"I don't know if this is the worst humanitarian situation in the world," said Mr Paton candidly. "It may well be. But it is certainly the most difficult one for the UN and other aid agencies to address because of the insecurity."
Another example is the taxes aid convoys have to pay.
After offloading at Mogadishu port, food aid lorries have to pass through numerous checkpoints where they are taxed by armed men.
A fully loaded lorry may have to pay a total of $500 a journey from Mogadishu to Afgooye. The president of the transitional federal government of Somalia, Abdullahi Yusuf, said he was determined to clear the country of "terrorists".
The displaced live in miserable conditions
"I know the terrorists' names and faces," Mr Yusuf told me in the town of Baidoa.
"They were trained in Afghanistan by the Taliban and by Osama Bin Laden... They are al-Qaeda, of course," he said.
I asked Mr Yusuf whether he might be tempted to exaggerate the al-Qaeda threat in order to encourage US support.
"That's not true," he retorted, fixing on me with his military man's gaze. "What the US and everyone else says is true. There are terrorists in Somalia."
As we spoke in the town of Baidoa, where the government sometimes sits rather than Mogadishu because of security reasons, soldiers from the Ethiopian army stood by in their barracks in case of trouble.
This is another layer of the war in Somalia.
Ethiopia intervened - with more than a nod, perhaps, from its ally the US - to protect the weak, though internationally recognised government of Mr Yusuf from attacks by the Islamist and clan-based opposition.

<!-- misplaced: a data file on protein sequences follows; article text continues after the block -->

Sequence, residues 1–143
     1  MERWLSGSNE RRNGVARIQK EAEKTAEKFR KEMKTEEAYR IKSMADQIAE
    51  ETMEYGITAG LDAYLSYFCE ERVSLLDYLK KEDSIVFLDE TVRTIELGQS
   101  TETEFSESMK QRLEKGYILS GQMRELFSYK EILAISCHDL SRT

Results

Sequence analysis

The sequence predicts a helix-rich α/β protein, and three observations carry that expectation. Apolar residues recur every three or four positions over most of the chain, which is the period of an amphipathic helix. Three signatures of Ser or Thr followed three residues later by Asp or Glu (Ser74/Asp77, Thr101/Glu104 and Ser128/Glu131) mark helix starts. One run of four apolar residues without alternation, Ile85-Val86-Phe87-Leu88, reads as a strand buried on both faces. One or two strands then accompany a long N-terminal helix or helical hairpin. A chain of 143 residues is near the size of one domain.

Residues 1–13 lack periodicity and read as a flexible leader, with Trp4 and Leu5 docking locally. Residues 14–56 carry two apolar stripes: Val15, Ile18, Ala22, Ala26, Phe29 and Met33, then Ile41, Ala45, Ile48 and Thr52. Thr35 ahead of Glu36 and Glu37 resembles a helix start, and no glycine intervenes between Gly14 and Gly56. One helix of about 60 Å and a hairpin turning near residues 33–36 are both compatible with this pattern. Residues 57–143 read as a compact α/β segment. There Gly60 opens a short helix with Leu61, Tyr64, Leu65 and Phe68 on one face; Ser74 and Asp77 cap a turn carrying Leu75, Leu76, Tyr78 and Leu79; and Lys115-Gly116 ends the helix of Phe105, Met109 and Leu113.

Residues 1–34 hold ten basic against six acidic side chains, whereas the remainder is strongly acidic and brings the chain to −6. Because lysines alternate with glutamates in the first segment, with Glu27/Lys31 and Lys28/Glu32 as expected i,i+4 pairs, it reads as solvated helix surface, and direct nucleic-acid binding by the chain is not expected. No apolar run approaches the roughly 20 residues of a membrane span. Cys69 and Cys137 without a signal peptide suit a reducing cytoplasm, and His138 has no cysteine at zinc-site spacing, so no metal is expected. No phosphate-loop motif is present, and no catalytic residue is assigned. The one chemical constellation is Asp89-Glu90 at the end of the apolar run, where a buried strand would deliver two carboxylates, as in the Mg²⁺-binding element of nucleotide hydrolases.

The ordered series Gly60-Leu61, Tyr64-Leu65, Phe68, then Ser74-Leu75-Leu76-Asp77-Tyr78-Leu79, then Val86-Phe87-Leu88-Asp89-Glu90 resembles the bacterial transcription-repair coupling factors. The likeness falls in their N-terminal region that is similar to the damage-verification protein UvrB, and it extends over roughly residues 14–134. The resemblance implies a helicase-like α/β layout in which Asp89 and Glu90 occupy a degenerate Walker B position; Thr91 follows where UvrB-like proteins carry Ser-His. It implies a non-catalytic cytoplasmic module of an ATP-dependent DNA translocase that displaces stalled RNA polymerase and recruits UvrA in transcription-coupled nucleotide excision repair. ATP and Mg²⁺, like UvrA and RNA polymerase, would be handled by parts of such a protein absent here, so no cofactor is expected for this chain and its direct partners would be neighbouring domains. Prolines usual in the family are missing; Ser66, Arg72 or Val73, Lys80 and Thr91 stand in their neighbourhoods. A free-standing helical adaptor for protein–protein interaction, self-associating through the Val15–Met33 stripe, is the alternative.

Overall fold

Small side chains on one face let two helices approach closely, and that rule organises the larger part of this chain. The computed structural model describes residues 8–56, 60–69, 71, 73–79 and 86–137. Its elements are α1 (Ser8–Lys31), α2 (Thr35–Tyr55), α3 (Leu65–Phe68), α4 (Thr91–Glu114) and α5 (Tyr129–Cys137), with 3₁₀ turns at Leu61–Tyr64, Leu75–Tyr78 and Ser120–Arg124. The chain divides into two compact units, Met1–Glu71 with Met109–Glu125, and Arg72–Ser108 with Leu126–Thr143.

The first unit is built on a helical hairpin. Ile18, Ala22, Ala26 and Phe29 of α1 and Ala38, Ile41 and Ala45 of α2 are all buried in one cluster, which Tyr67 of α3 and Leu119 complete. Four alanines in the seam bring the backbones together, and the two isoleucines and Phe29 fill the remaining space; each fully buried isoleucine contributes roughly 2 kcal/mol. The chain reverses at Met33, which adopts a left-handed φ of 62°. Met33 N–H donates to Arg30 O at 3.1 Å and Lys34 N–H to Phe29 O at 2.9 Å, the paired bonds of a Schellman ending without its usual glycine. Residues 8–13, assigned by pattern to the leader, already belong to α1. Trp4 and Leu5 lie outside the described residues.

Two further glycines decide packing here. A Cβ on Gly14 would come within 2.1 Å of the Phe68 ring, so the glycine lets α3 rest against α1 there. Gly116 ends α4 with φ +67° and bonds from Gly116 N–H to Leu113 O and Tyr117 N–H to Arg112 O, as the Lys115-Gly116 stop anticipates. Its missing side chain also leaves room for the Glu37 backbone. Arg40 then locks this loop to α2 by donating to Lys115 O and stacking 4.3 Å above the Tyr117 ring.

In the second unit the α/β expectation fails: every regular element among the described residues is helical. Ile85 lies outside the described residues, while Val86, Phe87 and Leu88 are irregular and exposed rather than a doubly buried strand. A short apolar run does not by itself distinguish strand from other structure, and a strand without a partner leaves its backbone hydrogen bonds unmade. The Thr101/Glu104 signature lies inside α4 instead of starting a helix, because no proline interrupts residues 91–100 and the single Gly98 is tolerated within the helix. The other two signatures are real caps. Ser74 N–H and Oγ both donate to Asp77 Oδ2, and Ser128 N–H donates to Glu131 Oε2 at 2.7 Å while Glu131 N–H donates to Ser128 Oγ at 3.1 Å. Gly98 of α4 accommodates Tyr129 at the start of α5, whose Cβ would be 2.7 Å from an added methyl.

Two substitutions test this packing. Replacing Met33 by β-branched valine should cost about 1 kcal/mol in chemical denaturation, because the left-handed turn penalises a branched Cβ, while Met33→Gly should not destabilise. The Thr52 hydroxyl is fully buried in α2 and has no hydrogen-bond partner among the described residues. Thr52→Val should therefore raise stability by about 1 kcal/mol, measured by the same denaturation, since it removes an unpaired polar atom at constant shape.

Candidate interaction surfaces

While the Ethiopian intervention may have saved the regime, it also provoked a wave of nationalist resentment among some Somalis.
The two neighbours have fought several wars, and their conflicts are still intertwined.
Addis Ababa did not send in its troops just to save Mr Yusuf.
It wanted to create a buffer region to stop Ethiopian - but ethnic Somali - rebels from using Somalia as a rear base from which to attack Ethiopia.
SOMALIA'S ARMED GROUPS
Somali government troops
Ethiopian government troops
Remnants of Islamic Courts regime
Somali clans - notably Darod and Habr Gidr
Freelance militia leaders and criminals
Somali breakaway regions
The conflict may be simplified as having two sides: the transitional federal government, backed by Ethiopia and the US, against remnants of the Islamic Courts regime.
But nothing is that simple in Somalia.
In the background is always the clan war.
Mr Yusuf is from the Darod clan, one of the four big clans in the country.
Many of the business leaders who backed the Islamic Courts regime overthrown by Ethiopia between late 2006 and early 2007 are from the powerful Habr Gidr, a sub-clan of the Hawiye group.
The Darod and the Habr Gidr have fought many wars, and distrust between them runs deep.
The business leaders also backed the Courts regime because it brought relative stability to Mogadishu.
Aid agency officials told me the Courts had some very efficient administrators and that it is often easier to work with them than the current government, which some described as a divided regime.
The outside world is represented in this cauldron of forces by the UN political envoy to Somalia, Ahmedou Ould Abdallah.
An experienced Mauritanian diplomat who took on the job (some might describe it rather as a poisoned chalice) last year, Abdallah is trying to reconcile the various groups.
Quite clearly, he will need all the luck he can get.